There are few things more truly noble than a career in politics. I will concede that I have always been an idealist when it has come to those who devote their life to public service in one way or another. Perhaps it is the reason that West Wing, Aaron Sorkin’s brilliant television series about the going ons of the fictional Bartlett White House, has always been my favourite show. Perhaps I watched Mr Smith Goes To Washington just one too many times and teared up at the climactic filibuster, cheering for the beleaguered senator as he gives his impassioned speech. I’m sure that this means that I’ll never truly be happy at any mortal politician who is unable to come close to the fictional political heroes that adorn my list of those whom I admire. Politicians have always been a step above mere citizens. Despite the fact that they work for us (being paid both in a salary and in votes) they’ve always appeared somewhat detached from the rest of society. That, however, has all begun to change thanks to social media.
Earlier this week Facebook uploaded a ‘how-to’ guide for members of the 113th Congress. It includes such basics as ‘how to set up a Facebook page’ and how to get their profile verified by Facebook (Facebook has a special email address where the Congressional team contacts the company). The guide tells Congressional staffers to create a comments policy outlining what language will, and will not, get commenters banned and deleted. It is now standard for any political candidate, running for President or Student Council, to have a Facebook page. It is the way that citizens can stay in touch with their political representative, pose questions to them, demand a response and to understand more about why they are casting a particular vote or hold a particular position. I blogged earlier about the role that social media played in the most recent election but the role that Facebook plays in politics extends beyond a mere electoral cycle. It has become an integral part of the way that politicians are presenting themselves.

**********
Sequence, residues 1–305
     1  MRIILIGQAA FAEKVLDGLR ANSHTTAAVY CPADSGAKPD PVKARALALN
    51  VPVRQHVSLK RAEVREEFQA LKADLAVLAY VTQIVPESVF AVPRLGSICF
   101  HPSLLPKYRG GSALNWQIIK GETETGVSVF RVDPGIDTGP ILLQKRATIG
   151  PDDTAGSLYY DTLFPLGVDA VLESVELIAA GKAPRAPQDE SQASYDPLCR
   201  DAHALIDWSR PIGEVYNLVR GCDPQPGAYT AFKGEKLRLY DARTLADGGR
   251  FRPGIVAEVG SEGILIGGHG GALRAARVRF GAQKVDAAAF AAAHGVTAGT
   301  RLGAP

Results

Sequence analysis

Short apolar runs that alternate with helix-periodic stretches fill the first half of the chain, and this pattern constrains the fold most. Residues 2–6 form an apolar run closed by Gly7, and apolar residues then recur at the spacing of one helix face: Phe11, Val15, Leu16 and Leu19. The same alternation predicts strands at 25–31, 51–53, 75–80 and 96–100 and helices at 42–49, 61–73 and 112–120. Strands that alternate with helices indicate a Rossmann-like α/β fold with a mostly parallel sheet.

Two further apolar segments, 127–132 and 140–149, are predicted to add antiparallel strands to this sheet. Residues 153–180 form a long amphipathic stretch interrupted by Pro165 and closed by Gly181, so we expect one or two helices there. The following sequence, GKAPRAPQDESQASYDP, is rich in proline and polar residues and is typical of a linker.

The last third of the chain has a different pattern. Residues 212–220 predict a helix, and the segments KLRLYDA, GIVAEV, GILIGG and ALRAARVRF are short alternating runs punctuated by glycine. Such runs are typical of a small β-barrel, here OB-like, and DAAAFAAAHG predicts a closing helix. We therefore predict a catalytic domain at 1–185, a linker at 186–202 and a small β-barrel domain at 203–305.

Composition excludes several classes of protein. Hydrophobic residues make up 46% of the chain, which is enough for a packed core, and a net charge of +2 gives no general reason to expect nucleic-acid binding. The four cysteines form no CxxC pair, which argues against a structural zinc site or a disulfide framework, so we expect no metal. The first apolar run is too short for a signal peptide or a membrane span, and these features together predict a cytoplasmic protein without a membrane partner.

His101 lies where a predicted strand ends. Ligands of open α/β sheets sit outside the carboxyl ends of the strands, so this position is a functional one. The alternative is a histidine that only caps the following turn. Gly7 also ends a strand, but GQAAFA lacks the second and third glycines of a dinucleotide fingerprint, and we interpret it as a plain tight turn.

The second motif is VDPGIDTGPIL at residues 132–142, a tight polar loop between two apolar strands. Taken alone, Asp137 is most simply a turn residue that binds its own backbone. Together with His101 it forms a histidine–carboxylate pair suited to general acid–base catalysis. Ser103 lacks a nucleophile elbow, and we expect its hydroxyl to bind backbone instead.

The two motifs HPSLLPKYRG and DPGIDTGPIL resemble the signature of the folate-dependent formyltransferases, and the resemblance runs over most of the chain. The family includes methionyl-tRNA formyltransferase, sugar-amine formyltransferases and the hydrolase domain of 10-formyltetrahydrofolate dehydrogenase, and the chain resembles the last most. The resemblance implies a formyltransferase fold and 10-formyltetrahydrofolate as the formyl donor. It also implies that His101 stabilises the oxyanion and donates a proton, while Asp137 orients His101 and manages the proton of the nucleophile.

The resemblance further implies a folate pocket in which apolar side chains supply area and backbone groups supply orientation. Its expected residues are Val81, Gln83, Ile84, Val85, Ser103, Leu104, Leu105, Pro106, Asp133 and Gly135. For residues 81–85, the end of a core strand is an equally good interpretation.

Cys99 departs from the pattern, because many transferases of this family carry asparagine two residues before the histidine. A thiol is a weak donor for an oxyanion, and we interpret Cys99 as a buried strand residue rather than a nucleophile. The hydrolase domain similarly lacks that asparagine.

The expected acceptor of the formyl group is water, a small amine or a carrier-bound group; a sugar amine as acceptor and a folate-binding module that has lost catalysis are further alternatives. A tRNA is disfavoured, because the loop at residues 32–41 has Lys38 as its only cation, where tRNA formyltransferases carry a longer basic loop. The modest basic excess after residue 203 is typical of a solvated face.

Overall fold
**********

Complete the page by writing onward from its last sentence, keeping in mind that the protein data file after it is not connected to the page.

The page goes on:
Social media has allowed politicians to connect with their constituents like never before. For years politicians were bound by their geographic location and whether or not they had a friendly relationship with the media. Now they can answer Facebook questions in Washington (or London or Canberra) whilst their citizens sit home in their electorate. It also allows politicians to get their point of view across without running costly ad campaigns. The cost of Facebook ads are significantly less than their television or newspaper equivalent and you can effectively target them to your desired age group and people with a high level of interest (or low level of interest) in politics.
But as powerful a feature as social media may be for politicians it can also harm them significantly. The danger of viral videos is that they may, in fact, go viral. There are few more examples of a horrible viral video than that of Todd Akin and his comment that those who were victims of ‘legitimate rape‘ were unable to be impregnated. Akin said these comments in an interview and within hours they had spread across the world. They outraged pretty much everyone on both the right and the left and Akin’s campaign was fatally wounded. He lost his seat.
Yet it’s not just misspoken words that can end a political career but mistyped letters. In May 2011 US Congressman Anthony Weiner tweeted a link to a photo of his penis in boxer shorts to a young woman. It is believed that he meant to send the link within a Direct Message but forgot to type ‘D’ before the tweet and so the link was sent publicly. Over the next several weeks Weiner was hounded by the media and eventually resigned from Congress.
Social media has brought us closer than ever to our politicians. It has allowed us to approach them, question them and to see behind the scenes of their electoral offices. Truly there is no going back. As social media changes society so it will change politics. It will continue to be used as a fundraising tool and as a propaganda tool for both up and coming and veteran political operatives. Facebook and Twitter will be the first port of call for any and all politicians for the next half decade.